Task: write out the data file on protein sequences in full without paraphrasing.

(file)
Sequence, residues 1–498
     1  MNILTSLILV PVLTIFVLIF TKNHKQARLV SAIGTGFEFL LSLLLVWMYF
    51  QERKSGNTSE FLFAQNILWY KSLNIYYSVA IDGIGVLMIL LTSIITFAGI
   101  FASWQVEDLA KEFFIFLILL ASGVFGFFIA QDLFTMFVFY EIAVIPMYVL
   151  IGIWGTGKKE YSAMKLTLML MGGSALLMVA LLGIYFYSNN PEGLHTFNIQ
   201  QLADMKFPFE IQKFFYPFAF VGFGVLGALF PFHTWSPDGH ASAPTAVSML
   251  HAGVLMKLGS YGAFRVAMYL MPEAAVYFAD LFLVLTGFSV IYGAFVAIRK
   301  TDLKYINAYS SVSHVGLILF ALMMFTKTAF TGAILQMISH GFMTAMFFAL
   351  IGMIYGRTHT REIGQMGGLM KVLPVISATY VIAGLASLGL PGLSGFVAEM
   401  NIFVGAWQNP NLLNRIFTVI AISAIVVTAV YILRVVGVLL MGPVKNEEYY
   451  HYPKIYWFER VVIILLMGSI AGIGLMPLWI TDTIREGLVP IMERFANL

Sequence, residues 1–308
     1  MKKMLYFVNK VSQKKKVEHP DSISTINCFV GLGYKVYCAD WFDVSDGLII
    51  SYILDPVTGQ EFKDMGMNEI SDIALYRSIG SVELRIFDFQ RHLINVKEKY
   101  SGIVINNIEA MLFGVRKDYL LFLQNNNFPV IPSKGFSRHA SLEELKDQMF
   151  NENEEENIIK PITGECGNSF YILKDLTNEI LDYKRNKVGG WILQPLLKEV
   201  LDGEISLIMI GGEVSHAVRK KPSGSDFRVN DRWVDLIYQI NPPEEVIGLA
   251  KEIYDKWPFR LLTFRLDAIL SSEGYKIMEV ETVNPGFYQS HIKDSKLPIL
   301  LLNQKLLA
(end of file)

Sequence, residues 1–498
     1  MNILTSLILV PVLTIFVLIF TKNHKQARLV SAIGTGFEFL LSLLLVWMYF
    51  QERKSGNTSE FLFAQNILWY KSLNIYYSVA IDGIGVLMIL LTSIITFAGI
   101  FASWQVEDLA KEFFIFLILL ASGVFGFFIA QDLFTMFVFY EIAVIPMYVL
   151  IGIWGTGKKE YSAMKLTLML MGGSALLMVA LLGIYFYSNN PEGLHTFNIQ
   201  QLADMKFPFE IQKFFYPFAF VGFGVLGALF PFHTWSPDGH ASAPTAVSML
   251  HAGVLMKLGS YGAFRVAMYL MPEAAVYFAD LFLVLTGFSV IYGAFVAIRK
   301  TDLKYINAYS SVSHVGLILF ALMMFTKTAF TGAILQMISH GFMTAMFFAL
   351  IGMIYGRTHT REIGQMGGLM KVLPVISATY VIAGLASLGL PGLSGFVAEM
   401  NIFVGAWQNP NLLNRIFTVI AISAIVVTAV YILRVVGVLL MGPVKNEEYY
   451  HYPKIYWFER VVIILLMGSI AGIGLMPLWI TDTIREGLVP IMERFANL

Sequence, residues 1–308
     1  MKKMLYFVNK VSQKKKVEHP DSISTINCFV GLGYKVYCAD WFDVSDGLII
    51  SYILDPVTGQ EFKDMGMNEI SDIALYRSIG SVELRIFDFQ RHLINVKEKY
   101  SGIVINNIEA MLFGVRKDYL LFLQNNNFPV IPSKGFSRHA SLEELKDQMF
   151  NENEEENIIK PITGECGNSF YILKDLTNEI LDYKRNKVGG WILQPLLKEV
   201  LDGEISLIMI GGEVSHAVRK KPSGSDFRVN DRWVDLIYQI NPPEEVIGLA
   251  KEIYDKWPFR LLTFRLDAIL SSEGYKIMEV ETVNPGFYQS HIKDSKLPIL
   301  LLNQKLLA